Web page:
Quinn G. Caldwell
John the baptizer appeared in the wilderness, proclaiming a baptism of repentance for the forgiveness of sins. And people from the whole Judean countryside and all the people of Jerusalem were going out to him, and were baptized by him in the river Jordan, confessing their sins. Now John was clothed with camel's hair, with a leather belt around his waist, and he ate locusts and wild honey. Mark 1:4-8
Camel hair, locusts, the desert: make no mistake, John the Baptist was a distinctly odd man. Then again, prophets tend to be at least a little bit odd, for the God for whom they speak tends to do some pretty odd things--like entering history as a human being. So we Christians do a lot of odd things of our own. We sprinkle water on ourselves and call it salvation, we share meals and believe that God sits at table with us, we proclaim that the poorest and most broken are dearest of all, we seek to create peace amid war, we proclaim that our flawed and broken churches are the very body of God in the world. Make no mistake: these are not things that the world considers normal. And yet they are the stuff we are made of, the signs we're known by. They are the way God continues to speak to God's odd people.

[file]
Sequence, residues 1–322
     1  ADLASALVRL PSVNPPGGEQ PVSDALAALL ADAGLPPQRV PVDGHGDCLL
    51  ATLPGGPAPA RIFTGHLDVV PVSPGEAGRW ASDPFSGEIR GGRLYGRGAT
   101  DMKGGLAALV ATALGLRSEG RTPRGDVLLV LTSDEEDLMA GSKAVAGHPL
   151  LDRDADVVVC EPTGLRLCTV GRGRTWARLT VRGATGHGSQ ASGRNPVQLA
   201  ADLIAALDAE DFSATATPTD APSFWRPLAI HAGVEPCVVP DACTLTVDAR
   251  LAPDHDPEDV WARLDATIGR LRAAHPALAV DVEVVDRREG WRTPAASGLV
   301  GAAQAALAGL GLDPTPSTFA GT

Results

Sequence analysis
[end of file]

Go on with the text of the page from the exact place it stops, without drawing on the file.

Prayer: O loving creator of all things, help me to live as St. Paul urged: help me to be in this world but not of it. By the grace of my baptism, make me odd to every way of the world that is not yours. Give me the strength to live less as a product of this world, more as a citizen of your coming realm, and so let me participate in your turning the one into the other. Amen.